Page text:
With all the talk of unbalanced dress code practices, including those that unfairly penalize female students, the question begs: Should you enforce your school's dress code, and if so, how can you do it fairly?
Dress codes have been around a long time, but with changing fashions and personal sensitivities, the enforcement of these codes has become more difficult for teachers and school administrators. With parents and students decrying the unfairness of modern dress codes, should schools even bother, and if so, how can they apply them so that the codes are fair to everyone?
Necessity of Dress Codes
In today's market, clothing, especially garments marketed toward girls, is not always appropriate for the classroom. A brief walk through almost any department store is all it takes to find short-shorts, mini-skirts, skimpy halters, low-slung jeans, and t-shirts with objectionable slogans or graphics - all in the children's department. While clothing like this might be appropriate for a playdate with friends, administrators find that it's a distraction in the classroom. And since administrators believe that students and their parents can't always be counted on to make wise decisions when it comes to dressing for class, they also believe dress codes are needed.
But many students disagree, which can lead to contentious confrontations with school officials. Let's explore some of the arguments.
Arguments Against Dress Codes
Performing a quick online search of the keywords ''dress code'' will yield dozens of examples of students protesting what they see as unfair practices that stigmatize female students for code violations. Students argue that current rules unfairly target girls, forcing them to cover up or face serious punishment. According to an Allure magazine interview with Summer, a Hickory Ridge, NC, high school senior, she was suspended, banned from her own graduation, and faced the possibility of arrest and expulsion because of a minor dress code violation. Even though she complied when asked to cover her shoulders, she questioned the school's policy, leading administrators to accuse her of insubordination.
Main arguments against current school dress policies include their tendency to be heavy-handed and lopsided. Girls are often required to wear long shorts or skirts and ensure that their shoulders, backs, and chests are well covered. However, boys face no similar limitations on their attire; most often, they're simply required to pull their pants up over their underwear. This means that during warm summer months, male students are free to wear athletic shorts and tank tops, but girls are not, and all because boys might be distracted by the sight of female flesh.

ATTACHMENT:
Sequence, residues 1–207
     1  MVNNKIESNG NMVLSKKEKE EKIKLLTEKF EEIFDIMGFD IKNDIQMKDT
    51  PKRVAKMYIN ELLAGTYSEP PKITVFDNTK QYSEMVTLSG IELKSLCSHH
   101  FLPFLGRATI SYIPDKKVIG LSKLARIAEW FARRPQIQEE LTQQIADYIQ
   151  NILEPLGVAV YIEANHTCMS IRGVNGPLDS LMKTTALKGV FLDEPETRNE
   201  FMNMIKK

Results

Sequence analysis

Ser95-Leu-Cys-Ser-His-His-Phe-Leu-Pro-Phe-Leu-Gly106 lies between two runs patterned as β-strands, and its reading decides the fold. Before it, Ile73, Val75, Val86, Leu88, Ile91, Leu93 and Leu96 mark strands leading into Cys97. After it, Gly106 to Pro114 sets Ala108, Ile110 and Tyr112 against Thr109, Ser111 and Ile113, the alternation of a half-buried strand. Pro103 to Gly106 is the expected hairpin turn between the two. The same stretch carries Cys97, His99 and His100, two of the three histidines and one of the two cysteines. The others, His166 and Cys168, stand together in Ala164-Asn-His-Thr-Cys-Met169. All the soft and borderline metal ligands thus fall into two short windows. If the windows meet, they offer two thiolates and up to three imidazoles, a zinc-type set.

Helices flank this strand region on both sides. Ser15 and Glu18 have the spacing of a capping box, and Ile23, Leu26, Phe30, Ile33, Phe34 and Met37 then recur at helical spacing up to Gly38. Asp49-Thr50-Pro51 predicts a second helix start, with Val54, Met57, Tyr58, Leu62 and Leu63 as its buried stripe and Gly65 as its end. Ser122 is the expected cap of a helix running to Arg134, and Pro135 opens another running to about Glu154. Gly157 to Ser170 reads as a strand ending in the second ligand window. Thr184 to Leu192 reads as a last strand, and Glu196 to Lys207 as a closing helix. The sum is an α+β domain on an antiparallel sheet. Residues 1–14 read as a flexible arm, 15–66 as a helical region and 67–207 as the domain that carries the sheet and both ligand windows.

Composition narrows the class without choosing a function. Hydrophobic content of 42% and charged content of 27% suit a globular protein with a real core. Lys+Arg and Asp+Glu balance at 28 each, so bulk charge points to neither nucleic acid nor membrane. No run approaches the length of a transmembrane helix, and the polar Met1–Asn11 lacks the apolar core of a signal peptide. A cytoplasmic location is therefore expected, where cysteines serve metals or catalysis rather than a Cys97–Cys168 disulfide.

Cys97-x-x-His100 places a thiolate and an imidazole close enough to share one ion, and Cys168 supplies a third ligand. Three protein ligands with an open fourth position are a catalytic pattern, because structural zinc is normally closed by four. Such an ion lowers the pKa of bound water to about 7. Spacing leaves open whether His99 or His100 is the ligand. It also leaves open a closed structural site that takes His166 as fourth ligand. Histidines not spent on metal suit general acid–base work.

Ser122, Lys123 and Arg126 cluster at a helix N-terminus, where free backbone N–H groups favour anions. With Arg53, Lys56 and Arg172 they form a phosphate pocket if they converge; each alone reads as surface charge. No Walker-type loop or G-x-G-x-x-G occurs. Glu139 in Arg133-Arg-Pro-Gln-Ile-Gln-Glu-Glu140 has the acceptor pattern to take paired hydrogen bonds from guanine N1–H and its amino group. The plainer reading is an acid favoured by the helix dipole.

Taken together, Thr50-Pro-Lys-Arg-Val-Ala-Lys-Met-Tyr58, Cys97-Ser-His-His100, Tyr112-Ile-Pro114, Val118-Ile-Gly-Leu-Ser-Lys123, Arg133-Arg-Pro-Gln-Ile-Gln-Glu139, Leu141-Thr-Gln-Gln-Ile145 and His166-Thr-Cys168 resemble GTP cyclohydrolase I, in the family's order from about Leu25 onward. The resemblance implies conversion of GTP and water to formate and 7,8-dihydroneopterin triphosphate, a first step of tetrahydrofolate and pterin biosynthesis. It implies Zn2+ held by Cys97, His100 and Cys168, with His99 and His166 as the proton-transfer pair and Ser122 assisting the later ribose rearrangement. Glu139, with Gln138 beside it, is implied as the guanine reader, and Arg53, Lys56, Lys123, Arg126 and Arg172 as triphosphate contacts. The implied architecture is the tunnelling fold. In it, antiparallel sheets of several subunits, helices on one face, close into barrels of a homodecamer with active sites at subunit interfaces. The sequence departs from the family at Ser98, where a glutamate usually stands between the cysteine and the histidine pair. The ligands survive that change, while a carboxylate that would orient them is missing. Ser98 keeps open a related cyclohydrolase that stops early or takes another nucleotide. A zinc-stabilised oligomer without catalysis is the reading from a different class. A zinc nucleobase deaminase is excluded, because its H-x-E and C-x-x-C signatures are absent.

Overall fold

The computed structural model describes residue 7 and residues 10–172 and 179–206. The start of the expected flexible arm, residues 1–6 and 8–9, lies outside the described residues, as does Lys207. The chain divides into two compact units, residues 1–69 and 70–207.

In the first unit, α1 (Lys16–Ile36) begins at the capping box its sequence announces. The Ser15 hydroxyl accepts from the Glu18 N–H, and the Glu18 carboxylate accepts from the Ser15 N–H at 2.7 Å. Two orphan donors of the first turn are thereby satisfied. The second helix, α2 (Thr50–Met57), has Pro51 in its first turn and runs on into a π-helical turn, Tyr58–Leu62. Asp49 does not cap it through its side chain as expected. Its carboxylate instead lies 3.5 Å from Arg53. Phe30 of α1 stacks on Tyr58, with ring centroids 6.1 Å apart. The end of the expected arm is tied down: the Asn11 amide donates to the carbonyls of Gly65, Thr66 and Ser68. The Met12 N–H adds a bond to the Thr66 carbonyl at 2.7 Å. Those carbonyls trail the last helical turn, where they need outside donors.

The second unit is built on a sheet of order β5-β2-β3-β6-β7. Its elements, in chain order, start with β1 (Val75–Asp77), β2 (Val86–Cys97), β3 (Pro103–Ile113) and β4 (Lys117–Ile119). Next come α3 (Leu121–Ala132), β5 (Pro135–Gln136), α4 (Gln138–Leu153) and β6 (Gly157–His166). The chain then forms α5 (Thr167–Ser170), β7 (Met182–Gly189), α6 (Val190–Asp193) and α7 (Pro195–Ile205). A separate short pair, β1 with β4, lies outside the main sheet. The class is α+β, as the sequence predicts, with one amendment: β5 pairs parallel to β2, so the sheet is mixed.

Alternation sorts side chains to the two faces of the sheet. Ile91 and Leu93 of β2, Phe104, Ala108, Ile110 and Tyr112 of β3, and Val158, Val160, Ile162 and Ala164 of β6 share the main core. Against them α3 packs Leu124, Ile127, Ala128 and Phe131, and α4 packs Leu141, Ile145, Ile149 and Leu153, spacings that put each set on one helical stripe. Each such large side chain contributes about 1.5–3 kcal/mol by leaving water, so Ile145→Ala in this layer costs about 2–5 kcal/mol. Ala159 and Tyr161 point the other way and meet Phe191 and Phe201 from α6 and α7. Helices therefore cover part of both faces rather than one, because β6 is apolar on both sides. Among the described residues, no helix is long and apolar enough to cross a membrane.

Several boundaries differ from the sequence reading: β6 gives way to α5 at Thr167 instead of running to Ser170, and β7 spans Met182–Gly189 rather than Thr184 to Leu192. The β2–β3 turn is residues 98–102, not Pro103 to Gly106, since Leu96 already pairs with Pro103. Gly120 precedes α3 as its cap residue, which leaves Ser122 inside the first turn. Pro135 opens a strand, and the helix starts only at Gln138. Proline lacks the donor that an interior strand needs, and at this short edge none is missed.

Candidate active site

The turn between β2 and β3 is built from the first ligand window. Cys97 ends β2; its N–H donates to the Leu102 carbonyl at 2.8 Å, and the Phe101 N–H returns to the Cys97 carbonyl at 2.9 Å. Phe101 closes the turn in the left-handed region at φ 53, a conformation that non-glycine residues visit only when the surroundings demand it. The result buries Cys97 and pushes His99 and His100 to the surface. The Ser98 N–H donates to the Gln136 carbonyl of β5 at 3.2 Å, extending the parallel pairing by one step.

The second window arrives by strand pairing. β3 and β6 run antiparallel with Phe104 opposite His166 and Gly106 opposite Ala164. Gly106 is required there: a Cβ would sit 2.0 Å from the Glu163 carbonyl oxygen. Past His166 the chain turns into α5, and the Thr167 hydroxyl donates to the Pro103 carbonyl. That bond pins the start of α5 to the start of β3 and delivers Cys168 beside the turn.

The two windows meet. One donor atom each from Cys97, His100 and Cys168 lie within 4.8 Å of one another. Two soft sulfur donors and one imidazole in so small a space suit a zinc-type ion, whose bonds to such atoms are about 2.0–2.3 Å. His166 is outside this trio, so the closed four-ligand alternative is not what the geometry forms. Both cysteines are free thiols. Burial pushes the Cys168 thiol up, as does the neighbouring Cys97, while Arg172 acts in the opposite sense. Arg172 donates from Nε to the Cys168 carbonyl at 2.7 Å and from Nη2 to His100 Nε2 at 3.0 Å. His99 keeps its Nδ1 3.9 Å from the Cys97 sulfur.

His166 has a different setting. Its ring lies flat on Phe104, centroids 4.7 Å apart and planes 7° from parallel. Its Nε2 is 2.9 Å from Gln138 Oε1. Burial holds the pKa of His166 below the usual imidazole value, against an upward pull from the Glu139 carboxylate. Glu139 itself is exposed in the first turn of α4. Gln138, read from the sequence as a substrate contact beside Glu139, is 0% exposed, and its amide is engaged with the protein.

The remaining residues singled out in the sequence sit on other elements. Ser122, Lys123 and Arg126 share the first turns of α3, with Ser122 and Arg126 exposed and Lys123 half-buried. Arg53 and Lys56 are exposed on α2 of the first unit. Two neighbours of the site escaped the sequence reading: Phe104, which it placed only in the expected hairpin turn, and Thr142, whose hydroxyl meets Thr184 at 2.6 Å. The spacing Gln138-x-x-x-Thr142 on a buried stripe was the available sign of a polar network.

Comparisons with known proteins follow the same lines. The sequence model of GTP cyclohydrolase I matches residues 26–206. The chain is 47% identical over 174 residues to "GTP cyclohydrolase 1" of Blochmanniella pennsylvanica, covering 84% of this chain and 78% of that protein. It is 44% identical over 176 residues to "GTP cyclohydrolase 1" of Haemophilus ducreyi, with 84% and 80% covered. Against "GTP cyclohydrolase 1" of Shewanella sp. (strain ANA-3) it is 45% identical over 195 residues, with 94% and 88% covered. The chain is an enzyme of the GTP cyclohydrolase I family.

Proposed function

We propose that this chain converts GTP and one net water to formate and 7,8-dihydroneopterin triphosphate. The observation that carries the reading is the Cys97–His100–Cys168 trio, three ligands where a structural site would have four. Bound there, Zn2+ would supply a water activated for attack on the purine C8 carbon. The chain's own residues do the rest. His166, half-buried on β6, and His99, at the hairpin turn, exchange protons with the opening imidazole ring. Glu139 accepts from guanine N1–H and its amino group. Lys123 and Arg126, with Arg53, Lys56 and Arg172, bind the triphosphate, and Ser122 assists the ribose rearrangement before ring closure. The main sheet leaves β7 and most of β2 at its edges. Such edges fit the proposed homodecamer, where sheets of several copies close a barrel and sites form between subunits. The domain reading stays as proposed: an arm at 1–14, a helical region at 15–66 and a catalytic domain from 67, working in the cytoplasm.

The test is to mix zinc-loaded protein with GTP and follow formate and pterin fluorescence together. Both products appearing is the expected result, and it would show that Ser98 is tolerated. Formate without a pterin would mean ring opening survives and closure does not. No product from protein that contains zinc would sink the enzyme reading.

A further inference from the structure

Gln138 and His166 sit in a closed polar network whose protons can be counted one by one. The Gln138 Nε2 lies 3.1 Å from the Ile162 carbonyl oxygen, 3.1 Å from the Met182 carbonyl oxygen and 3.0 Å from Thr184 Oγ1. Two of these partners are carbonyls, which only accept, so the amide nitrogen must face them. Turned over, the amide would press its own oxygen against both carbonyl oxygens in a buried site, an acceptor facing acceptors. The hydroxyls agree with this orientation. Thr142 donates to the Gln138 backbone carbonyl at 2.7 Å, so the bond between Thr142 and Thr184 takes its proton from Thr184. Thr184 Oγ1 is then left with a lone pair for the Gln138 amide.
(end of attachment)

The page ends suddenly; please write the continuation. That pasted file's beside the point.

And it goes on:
Critics say these types of policies not only unfairly stigmatize girls but also send the message that their bodies are bad and their education is not as important as their male peers. Whether or not this is true is a point of debate, but there are ways to enforce a school dress code fairly without stigmatizing half the student body in the process.
Enforcement Without Shame
If your school has a dress code, as a teacher, you're bound to enforce it, just like any other rules. However, there are ways to do that without turning the event into a traumatic one for any of your students.
Some suggestions from Victoria, Australia, schools include:
- Communicate the code. By talking to students - preferably early in the year and at intervals thereafter - teachers can explain the dress code and its need for implementation.
- Keep it simple. Rules, such as those set out by Portland Public Schools, should be simple and inclusive. There are no regulations that apply to one gender over another; everyone is expected to exercise the same restraint when it comes to their wardrobe.
- Keep it fair. Students can control a great deal when dressing for the school day; their anatomy is not one of them. Punishing a boy for wearing shorts that are a little too short when he is over six feet tall, or a girl whose breasts are evident in her t-shirt because puberty has arrived, is unreasonable and discriminatory.
- Keep it quiet. There is no reason that students need to be shamed in front of the class because they have dressed in a way the district deems inappropriate. By doing so, teachers are only reinforcing a culture that encourages bullying behavior.
- Respect the process. Students will push back against authority - that's what they do. Exercising patience and understanding that conforming is as hard for them as it is for you will avoid a great deal of classroom drama.
- Respect the student. Critics of student dress codes say it isn't unusual for girls to be shamed in front of the class and even sent home to change, causing them to miss important class time. This exclusion sends the wrong message that their education isn't important and can even open students up to ridicule from peers.
So, what can you do when a student violates the district's policy on proper dress, even if you don't agree with it?
- Talk to the student individually. Take the student aside and voice your concerns respectfully.
- Send a note home to the parents. Make sure the parent/guardian understands what is wrong with the attire, or why it is prohibited.
- Discuss the issue with the distracted student. If students are caught staring at a midriff or bra strap in class, remind them that ogling their classmates is rude and they should focus on their studies.
- Ignore it. Minor violations should not be a reason for interrupting class. If it isn't dangerous, let it go.
The discussion about school dress codes isn't likely to let up soon, but you can make the issue easier for your class. By reminding students that they will be judged - fairly or not - by how they present themselves and keeping the conversation respectful, you can remain in compliance and convey an important lesson at the same time.